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A survey released yesterday by LexisNexis and Martindale-Hubbell examining law firms’ social media usage finds that while all of them are perhaps painfully aware of social media at this point—and are using it—the extent to which they’re delving into its deepest depths is relatively nonexistent.
Specifically, the study examined 110 global law firms’ usage of Facebook, LinkedIn, Twitter, YouTube, blogs and other social media channels from April to mid-May 2011. The firms, operating in 22 major cities in seven regions spanning the globe, were audited on both quantitative and qualitative levels to measure activity and engagement levels as well as macro and micro trends for each firm’s activity in a given social media channel.
According to the findings, 77 percent of law firms are using at least one or more social network. Drilling deeper, 85 of the 110 firms have a LinkedIn network, but from there, the numbers drop precipitously for other channels—Twitter (35), Facebook (32), YouTube (12) and blogs (9).
Of the 85 law firms that are on LinkedIn, just 27 own a group and just nine have somewhat serious member engagement.
“LinkedIn emerged as the primary non-sector-specific platform used by the law firms audited ... Yet, while many law firms have created ‘company’ profiles, a much smaller percentage are taking advantage of some of the more advanced features of virtual networking, such as groups or LinkedIn Answers,” the survey notes.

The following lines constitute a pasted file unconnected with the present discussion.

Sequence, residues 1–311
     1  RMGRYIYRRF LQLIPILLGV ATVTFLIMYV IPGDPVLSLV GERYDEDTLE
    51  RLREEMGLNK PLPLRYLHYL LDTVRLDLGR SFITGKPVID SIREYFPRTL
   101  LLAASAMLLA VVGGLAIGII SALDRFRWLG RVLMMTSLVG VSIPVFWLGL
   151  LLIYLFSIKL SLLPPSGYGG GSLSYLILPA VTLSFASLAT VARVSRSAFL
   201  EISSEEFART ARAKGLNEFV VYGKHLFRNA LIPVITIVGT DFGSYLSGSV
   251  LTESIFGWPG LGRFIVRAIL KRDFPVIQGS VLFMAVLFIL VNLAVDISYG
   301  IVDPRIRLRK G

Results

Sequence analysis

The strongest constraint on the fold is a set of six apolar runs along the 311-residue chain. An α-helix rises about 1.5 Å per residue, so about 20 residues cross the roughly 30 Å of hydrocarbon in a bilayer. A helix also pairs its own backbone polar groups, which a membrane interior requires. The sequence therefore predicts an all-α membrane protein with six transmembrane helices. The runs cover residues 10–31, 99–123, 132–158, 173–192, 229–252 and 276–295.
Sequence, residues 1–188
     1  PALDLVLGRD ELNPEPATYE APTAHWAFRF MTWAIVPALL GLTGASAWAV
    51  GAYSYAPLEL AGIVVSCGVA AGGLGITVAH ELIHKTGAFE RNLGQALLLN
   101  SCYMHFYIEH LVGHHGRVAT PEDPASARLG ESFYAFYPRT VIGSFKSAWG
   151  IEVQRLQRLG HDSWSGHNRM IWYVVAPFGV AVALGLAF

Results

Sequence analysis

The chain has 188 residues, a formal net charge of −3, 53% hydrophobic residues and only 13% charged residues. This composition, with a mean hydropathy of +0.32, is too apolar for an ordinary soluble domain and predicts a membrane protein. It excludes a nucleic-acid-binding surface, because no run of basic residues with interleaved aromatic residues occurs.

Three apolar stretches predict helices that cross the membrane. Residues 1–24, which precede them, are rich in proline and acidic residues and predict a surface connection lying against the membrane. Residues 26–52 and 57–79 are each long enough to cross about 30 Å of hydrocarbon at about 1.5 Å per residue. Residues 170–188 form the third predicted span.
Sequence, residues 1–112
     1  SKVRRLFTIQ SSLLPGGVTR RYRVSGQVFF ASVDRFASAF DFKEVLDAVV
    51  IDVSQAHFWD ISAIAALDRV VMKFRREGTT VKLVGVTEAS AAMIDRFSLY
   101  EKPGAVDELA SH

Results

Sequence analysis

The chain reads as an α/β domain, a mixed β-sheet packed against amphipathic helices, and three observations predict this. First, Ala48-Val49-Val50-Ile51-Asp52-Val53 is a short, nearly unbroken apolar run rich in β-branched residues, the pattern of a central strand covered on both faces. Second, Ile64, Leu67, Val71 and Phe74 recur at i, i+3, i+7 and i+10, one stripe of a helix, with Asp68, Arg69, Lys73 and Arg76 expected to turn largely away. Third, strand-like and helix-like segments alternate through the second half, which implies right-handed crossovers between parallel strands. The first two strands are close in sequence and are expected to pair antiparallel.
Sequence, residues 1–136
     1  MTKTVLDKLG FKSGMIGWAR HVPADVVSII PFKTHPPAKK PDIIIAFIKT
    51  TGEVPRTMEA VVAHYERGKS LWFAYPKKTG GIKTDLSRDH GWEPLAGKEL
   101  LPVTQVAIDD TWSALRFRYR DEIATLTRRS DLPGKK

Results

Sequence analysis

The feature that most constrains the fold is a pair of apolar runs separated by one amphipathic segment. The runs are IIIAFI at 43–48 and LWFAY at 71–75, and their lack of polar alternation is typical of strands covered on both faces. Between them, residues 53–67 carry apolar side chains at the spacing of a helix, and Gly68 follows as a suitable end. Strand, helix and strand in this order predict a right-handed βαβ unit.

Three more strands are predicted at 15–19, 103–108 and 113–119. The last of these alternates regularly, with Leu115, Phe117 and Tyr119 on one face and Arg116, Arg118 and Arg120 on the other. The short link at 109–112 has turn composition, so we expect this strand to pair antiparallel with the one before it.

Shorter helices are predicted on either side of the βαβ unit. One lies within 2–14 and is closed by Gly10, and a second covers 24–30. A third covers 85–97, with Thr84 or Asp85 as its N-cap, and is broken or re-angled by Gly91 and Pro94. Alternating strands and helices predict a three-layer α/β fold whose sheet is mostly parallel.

Of the 35 firms using Twitter, just 24 broadcast news and only three have much follower interaction.
“At present, Twitter is mainly used as a broadcasting channel, rather than as a tool to hold conversations with the firm’s followers,” the survey finds. “At present, only a small percentage of firms studied use Twitter interactively.”
And as for Facebook engagement levels, of the firms on Facebook, 12 have 10 to 100 fans, 10 have 100 to 1,000 fans and only one has more than 1,000 fans.
The numbers, however, get worse for other forms of social media.
“YouTube remains largely unexplored as a platform by law firms,” the study says. “This lack of usage was seen across all world regions—even in cities where adoption of social media tools was comparatively high, such as in New York, Johannesburg and London. Amsterdam-based firms stood out as YouTube enthusiasts, with three audited law practices in this city actively using this platform for graduate recruitment, thought leadership and promotional marketing.”
Broken down by region, North American law firms are embracing social media more than firms in other regions, with 19 of the 20 North American firms surveyed having a LinkedIn presence, 14 on Twitter and 11 on Facebook. Asia Pacific and Europe followed somewhat closely behind with LinkedIn, but dropped off dramatically when compared on Twitter and Facebook usage.
The survey went on to note that just 7 percent of law firms are blogging, and of those that do, the firms with the most robust efforts are located in Sydney, Johannesburg and Brussels.
To read the full survey results, visit Martindale-Hubbell’s website.
For more analysis, read the Wall Street Journal.